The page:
Finerenone treatment lowered the risk of chronic kidney disease (CKD) progression, as well as lowering the risk of cardiovascular events in patients diagnosed with type 2 diabetes and advanced CKD.

Prof. Gerasimos Filippatos (National and Kapodistrian University of Athens, Greece) described the effects of finerenone in the FIDELIO-DKD trial (NCT02540993) [1]. Results of the study were also reported in the New England Journal of Medicine [2].

Finerenone is a non-steroidal, selective mineralocorticoid receptor antagonist that reduces urinary albumin-to-creatinine ratio in patients with CKD previously treated with a renin-angiotensin system (RAS) inhibitor. The FIDELIO-DKD trial tested the efficacy of finerenone in slowing CKD progression and reducing cardiovascular (CV) events in patients diagnosed with advanced CKD and type 2 diabetes.

FIDELIO-DKD randomized 5,734 participants across 48 countries to receive either a once-daily dose of 20 mg oral finerenone or placebo. Adults with type 2 diabetes and CKD who were treated with a RAS inhibitor at the maximum dose were eligible. The primary endpoint was a composite of kidney failure, sustained estimated glomerular filtration rate (eGFR) decrease of at least 40% for at least 4 weeks, or death from renal causes. Kidney failure was defined as end-stage kidney disease with an eGFR <15 mL/minute/1.73m2.

After a median follow-up of 2.6 years, the primary endpoint had occurred in 504 participants in the finerenone group (17.8%) compared with 600 participants in the control group (21.1%; HR 0.82; 95% CI 0.73-0.93; P=0.001). The number of participants requiring finerenone treatment to prevent one primary outcome was 29 (95% CI 16-166). Additionally, death from CV causes, non-fatal myocardial infarctions, non-fatal stroke, or hospitalization due to heart failure occurred in 367 participants in the finerenone group (13.0%) compared with 420 participants in the placebo group (14.8%; HR 0.86; 95% CI 0.75-0.99; P=0.03).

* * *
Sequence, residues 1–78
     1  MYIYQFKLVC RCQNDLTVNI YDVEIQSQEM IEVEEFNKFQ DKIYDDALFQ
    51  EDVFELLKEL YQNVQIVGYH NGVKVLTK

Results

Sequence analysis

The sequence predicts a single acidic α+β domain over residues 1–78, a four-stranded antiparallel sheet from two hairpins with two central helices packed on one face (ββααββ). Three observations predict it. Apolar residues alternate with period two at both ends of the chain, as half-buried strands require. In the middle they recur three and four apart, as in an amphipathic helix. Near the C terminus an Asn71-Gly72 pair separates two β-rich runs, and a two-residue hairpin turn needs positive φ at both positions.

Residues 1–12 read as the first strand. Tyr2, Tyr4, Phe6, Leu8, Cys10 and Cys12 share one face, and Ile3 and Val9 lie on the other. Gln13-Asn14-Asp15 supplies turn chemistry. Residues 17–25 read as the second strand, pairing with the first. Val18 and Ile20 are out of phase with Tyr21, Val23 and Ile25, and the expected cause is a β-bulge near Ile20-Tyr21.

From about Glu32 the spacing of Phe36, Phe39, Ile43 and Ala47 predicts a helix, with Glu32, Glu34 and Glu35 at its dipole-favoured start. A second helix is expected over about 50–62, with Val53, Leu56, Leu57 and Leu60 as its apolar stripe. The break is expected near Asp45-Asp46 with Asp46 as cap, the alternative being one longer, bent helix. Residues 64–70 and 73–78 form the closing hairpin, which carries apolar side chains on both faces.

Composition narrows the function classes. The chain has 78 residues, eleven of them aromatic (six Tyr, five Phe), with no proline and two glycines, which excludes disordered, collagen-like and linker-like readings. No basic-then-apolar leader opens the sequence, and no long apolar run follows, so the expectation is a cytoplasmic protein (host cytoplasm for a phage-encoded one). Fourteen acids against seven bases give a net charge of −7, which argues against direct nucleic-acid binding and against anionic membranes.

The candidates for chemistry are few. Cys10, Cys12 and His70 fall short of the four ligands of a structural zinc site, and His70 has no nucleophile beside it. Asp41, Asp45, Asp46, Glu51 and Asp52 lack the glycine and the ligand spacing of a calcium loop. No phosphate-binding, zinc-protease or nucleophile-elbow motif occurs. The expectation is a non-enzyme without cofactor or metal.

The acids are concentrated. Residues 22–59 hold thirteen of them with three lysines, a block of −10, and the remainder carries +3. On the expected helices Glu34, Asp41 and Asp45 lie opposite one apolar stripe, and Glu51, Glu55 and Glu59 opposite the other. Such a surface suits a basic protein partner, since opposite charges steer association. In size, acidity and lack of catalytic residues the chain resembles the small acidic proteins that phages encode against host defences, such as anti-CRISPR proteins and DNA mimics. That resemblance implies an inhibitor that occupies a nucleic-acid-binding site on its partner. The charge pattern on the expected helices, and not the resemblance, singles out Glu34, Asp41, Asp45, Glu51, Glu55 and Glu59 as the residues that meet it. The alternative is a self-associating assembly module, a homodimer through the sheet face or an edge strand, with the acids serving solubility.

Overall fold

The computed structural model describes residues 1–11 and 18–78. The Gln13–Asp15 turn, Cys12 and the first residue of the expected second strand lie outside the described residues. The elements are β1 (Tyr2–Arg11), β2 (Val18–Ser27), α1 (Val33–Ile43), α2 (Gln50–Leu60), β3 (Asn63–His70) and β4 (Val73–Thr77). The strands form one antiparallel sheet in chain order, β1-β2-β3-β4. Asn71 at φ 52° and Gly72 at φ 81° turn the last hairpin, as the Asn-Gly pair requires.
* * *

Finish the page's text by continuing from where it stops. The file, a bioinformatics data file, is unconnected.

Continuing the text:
Concerning safety, the incidence of serious adverse events was similar between both groups: 31.9% in the finerenone group and 34.3% in the placebo group. Specifically, hyperkalemia-related adverse events were twice as frequent in the finerenone group (18.3%) versus the placebo group (9.0%) and the frequency of hyperkalemia leading to treatment discontinuation was higher in the finerenone group (2.3%) compared with the placebo group (0.9%).

In conclusion, FIDELIO-DKD demonstrated that finerenone treatment lowered the risk of CKD progression and CV events in participants diagnosed with type 2 diabetes and advanced CKD.

  1. Filippatos G, et al. Finerenone and Cardiovascular Outcomes in Patients With Chronic Kidney Disease and Type 2 Diabetes.07, Virtual AHA Scientific Sessions 2020, 13-17 Nov.
  2. Bakris GL, et al. Effect of Finerenone on Chronic Kidney Disease Outcomes in Type 2 Diabetes. New Engl J Med 2020; Oct 23. DOI: 10.1056/NEJMoa2025845.